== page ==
Print genres:
Antique natural
history prints

What are natural history prints?

Before National Geographic’s photographers were able to capture the world’s flora and fauna through their lenses, artists would render plants and animal by hand. A number of European and American printers are still remembered for their scientific illustrations of botanical and animal life. Common subjects included: birds, fish, shells, butterflies and flowers.

What artists are known for natural history prints?

John James Audubon (1758-1851) is possibly one of the most household names in natural history prints. Audubon is a famous naturalist who focused on studying birds. Audubon illustrated several books in the form of colored lithographs and engravings. His book, The Birds of America was published several times but remains a treasure. Copies of the book sell for millions at auction.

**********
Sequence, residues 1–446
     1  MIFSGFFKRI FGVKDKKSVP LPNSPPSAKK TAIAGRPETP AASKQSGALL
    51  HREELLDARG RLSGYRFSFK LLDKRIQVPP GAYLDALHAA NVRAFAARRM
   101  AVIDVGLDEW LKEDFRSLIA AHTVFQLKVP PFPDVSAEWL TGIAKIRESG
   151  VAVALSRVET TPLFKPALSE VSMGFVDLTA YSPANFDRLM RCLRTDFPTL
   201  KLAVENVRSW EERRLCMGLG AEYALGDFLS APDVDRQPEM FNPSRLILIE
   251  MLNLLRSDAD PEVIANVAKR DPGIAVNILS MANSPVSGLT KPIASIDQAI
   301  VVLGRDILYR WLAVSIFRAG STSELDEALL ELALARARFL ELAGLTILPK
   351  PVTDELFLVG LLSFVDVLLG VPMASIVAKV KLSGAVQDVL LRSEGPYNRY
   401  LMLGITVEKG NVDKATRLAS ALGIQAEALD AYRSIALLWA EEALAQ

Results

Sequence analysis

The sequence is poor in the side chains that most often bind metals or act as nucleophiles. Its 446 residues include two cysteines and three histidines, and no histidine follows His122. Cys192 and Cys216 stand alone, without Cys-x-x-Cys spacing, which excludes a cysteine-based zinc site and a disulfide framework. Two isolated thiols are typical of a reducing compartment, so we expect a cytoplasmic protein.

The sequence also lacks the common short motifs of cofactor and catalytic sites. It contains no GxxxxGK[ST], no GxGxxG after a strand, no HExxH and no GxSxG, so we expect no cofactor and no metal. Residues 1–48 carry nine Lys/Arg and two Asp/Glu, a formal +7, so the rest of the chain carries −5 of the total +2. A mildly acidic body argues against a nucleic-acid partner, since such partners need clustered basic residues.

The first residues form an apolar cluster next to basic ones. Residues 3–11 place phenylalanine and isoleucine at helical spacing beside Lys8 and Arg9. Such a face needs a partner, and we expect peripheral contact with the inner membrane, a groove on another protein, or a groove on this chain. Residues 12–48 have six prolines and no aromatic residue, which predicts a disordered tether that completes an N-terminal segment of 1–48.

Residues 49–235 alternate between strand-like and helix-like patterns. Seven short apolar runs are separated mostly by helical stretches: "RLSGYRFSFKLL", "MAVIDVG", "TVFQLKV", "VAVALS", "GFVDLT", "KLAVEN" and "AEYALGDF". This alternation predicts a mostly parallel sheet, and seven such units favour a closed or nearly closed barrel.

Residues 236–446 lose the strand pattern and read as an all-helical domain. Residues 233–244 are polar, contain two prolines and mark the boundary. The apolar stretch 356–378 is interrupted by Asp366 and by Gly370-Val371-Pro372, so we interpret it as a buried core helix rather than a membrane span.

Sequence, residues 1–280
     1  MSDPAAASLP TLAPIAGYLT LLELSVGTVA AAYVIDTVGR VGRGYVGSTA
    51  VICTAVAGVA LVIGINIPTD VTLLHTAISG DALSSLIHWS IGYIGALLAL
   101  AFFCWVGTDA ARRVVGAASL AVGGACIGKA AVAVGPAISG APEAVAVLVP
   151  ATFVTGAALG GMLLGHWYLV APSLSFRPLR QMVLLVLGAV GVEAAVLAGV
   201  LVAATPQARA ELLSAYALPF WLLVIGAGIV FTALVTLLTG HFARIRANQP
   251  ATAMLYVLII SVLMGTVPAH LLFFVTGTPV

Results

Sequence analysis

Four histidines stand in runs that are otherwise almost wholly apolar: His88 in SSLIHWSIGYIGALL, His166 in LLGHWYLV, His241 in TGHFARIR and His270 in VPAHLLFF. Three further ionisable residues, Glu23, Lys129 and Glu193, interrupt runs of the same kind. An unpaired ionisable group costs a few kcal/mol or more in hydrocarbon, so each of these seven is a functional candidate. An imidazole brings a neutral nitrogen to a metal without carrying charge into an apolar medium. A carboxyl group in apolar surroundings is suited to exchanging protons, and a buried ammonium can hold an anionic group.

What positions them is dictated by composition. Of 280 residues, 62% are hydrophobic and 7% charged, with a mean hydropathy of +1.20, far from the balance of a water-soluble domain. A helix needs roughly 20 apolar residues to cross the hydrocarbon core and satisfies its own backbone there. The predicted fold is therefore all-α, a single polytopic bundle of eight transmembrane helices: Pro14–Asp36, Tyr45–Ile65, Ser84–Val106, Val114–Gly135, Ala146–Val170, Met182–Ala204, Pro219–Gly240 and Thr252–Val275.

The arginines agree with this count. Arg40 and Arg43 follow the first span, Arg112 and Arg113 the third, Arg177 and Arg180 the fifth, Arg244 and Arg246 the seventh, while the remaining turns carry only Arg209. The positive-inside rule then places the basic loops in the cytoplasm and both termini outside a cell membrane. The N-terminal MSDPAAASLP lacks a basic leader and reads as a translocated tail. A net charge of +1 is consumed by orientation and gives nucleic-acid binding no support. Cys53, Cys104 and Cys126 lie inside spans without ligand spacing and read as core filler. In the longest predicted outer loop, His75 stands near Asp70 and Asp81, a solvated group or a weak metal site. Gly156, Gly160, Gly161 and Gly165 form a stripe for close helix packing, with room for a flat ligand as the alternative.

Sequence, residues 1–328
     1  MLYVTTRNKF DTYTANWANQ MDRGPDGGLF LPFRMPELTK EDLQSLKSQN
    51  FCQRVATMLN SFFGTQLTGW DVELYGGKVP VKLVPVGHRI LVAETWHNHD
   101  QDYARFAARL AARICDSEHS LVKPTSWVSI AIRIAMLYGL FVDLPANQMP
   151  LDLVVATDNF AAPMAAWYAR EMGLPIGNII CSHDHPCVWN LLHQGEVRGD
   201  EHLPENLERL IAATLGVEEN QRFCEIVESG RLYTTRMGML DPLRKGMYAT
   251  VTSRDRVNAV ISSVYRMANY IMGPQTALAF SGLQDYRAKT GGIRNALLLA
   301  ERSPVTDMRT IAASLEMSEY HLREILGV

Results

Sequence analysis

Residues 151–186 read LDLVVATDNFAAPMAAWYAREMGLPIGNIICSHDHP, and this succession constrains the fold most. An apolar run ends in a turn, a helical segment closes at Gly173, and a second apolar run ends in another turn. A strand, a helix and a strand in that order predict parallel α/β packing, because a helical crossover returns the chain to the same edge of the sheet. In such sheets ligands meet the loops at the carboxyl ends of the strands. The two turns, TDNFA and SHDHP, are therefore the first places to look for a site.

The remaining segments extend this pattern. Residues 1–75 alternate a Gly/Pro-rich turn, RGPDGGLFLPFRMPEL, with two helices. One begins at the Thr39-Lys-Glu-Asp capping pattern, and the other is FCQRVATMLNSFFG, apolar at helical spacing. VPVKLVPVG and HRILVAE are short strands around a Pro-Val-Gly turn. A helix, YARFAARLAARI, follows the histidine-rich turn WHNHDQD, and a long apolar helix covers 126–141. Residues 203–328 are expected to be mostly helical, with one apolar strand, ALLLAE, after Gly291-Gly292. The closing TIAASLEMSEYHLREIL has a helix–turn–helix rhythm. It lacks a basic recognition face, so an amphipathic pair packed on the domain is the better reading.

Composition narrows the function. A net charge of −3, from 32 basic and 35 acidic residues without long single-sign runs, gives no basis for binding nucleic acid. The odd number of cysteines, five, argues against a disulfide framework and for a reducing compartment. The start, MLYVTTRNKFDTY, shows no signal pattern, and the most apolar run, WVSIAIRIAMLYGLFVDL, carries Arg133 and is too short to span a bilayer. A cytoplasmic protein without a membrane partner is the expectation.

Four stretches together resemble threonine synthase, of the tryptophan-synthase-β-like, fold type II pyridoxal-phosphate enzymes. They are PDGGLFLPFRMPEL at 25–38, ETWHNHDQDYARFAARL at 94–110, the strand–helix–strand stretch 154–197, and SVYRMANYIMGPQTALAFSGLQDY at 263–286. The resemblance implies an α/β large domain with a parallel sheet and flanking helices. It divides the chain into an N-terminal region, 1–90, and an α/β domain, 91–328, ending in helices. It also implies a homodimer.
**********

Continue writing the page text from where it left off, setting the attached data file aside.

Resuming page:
The Scottish artist, Elizabeth Blackwell (1707-1758) is well remembered for her botanical illustrations and engravings. Blackwell illustrated the publication, A Curious Herbal, as a medical plant guide.

Other botanical illustrators include Alois Auer and Henry Bradbury, who used the technique, nature printing, which involved putting plants directly onto an intaglio plate to be etched.

Are natural history prints valuable?

While natural history prints were made to be educational, many collectors now appreciate them for their artistic merit. Scientific illustrators still exist today, but their drawings are not hand-printed as lithographs, etchings and engravings. Antique natural history prints are a beautiful and valuable addition to any print collection.